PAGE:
I suspect that hardly any of the 254 counties of Texas have escaped problems with some of their historic cemeteries. Two difficulties that seem to recur are desecration of cemetery sites and deliberate destruction of old and presumably abandoned cemeteries. Fannin County has had to deal with both. Contributing to both situations are the laws of Texas. No state agency enforces laws dealing with cemeteries. There are laws, however, on the books, which delegate the powers of enforcement to the counties and/or cities. Often it is difficult to impress on local authorities the importance of enforcement.
In recent years there have been two major cases of desecration of Fannin cemeteries. In both instances the cemeteries have been in rural areas with little or no protection. One of the worst cases of deliberate desecration occurred a couple of years ago with almost total destruction of Rehobeth Cemetery near Ladonia. The perpetrators of these senseless acts have yet to be discovered.

The second situation was more recent with the vandalization of the Carson Cemetery north of Ector. In this case the guilty party was discovered.

Not all acts of vandalism are limited to isolated rural areas. Willow Wild Cemetery in Bonham and Arledge Ridge Cemetery on a well traveled State Highway have seen random acts of vandalism in recent years.

Two Texas laws deal with this situation, although personally I think the penalties are too lenient for the crime. Section 40.09 of the Texas Penal Code states that it is a Class A, misdemeanor for intentionally or knowingly desecrating a place of burial. Section 42.10 states that a person who intentionally or knowingly disinters or disturbs a human corpse also commits a Class A misdemeanor.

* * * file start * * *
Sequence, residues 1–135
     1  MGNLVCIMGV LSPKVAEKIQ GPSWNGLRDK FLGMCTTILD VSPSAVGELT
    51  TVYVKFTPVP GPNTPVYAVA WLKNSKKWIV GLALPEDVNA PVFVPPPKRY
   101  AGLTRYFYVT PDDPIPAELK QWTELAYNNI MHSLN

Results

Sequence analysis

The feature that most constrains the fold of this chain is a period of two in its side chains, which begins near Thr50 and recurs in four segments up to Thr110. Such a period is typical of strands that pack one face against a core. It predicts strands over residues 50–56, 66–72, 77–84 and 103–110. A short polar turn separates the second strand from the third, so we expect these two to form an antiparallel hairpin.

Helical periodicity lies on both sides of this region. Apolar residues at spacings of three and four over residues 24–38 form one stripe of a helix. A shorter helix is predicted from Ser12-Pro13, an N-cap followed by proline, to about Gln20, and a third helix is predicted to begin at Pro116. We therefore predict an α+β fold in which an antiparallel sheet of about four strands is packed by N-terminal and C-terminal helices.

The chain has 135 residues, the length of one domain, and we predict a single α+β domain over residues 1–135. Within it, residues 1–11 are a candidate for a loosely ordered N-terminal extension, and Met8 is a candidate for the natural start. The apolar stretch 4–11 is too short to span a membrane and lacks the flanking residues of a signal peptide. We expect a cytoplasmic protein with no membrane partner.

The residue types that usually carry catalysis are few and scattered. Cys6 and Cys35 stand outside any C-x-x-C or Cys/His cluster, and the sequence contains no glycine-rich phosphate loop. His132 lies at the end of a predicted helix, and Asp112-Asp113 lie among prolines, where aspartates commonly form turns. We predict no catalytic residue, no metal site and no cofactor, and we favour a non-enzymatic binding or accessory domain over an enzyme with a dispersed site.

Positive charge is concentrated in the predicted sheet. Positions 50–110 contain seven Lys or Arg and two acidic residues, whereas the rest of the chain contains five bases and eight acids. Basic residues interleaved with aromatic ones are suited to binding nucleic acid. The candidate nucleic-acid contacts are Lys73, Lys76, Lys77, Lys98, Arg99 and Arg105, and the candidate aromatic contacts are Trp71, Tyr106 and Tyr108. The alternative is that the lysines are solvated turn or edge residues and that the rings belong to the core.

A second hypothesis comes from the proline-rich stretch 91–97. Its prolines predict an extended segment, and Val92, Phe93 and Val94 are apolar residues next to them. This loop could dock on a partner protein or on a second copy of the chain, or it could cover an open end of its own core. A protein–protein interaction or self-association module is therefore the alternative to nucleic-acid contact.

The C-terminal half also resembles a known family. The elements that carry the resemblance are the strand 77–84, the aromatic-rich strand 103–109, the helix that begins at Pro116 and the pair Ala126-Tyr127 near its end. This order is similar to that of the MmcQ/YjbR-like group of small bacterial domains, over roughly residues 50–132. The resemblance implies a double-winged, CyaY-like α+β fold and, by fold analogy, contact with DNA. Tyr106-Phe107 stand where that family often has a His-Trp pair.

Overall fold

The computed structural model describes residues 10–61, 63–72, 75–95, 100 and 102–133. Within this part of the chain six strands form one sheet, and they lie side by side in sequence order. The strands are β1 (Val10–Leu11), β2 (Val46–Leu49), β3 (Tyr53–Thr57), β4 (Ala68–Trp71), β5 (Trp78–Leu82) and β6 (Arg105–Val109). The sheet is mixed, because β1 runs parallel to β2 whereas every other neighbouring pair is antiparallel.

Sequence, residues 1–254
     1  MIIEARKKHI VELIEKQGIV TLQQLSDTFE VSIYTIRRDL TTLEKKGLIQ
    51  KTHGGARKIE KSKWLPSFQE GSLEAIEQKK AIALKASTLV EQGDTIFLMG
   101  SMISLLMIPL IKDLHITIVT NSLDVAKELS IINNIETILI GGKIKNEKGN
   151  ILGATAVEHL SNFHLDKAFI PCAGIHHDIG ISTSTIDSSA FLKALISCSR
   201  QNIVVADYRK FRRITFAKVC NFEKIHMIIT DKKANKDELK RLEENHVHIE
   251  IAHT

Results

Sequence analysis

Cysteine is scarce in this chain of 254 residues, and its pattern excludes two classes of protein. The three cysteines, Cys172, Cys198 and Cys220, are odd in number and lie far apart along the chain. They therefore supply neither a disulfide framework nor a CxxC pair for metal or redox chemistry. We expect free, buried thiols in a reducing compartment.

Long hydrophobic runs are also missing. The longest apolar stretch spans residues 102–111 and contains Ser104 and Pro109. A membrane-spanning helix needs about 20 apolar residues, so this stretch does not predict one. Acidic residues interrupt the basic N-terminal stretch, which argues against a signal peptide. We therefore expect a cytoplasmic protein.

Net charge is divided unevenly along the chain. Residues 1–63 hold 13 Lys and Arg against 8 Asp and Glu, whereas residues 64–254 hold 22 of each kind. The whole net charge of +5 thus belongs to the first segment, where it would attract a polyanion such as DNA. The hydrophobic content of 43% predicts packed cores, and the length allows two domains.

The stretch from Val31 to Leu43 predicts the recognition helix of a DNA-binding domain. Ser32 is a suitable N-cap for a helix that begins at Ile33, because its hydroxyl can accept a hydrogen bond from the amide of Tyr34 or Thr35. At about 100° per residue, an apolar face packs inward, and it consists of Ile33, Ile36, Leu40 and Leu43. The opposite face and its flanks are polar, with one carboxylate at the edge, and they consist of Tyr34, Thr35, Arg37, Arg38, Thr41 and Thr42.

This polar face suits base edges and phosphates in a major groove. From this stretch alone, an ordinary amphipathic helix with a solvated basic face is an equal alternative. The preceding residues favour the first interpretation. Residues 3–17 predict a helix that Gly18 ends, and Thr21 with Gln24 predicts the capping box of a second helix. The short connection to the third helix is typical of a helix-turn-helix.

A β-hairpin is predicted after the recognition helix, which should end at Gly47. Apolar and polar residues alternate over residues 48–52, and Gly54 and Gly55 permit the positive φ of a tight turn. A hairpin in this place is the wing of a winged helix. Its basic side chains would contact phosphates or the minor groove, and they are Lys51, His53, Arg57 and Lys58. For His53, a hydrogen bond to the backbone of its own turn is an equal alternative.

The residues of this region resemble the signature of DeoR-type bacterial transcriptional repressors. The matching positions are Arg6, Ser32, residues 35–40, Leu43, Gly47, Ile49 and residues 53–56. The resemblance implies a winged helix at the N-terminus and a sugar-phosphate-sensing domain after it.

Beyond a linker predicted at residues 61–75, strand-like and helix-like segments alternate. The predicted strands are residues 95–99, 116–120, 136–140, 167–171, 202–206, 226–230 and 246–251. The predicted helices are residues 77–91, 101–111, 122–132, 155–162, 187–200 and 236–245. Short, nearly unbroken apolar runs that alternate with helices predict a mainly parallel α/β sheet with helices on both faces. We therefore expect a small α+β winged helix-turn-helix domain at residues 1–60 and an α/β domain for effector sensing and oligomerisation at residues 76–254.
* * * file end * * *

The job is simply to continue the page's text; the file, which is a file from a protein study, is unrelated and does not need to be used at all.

In the cases of deliberate destruction most of these seem to have occurred because of a clear misunderstanding of exactly what denotes a cemetery under Texas law. In recent years there have been a number well publicized cases in which developers or persons who coveted sites occupied by cemeteries have deliberately undertaken to obliterate any signs of these burial places. Without exception, when these events occurred the perpetrators have found that the courts take a very dim view of such actions.

A Collin County developer found that his claims of ownership of a cemetery in a residenital development could be an expensive mistake when he attempted to remove what he viewed as an impediment to his plans.

The Texas Statutes state clearly that once a property is dedicated for cemetery use, it cannot be used for any other purpose unless the dedication is removed by a district court or the cemetery is enjoined or abated as a nuisance. Further the Texas courts have declared that no special ceremony is necessary to dedicate a cemetery.

Enclosure of land for use as a cemetery and evidence of burial are among the criteria for dedication. The fact that the remains of the dead buried in a cemetery have not been removed and that tombstones mark the places of burial is sufficient to show that the cemetery has not been abandoned.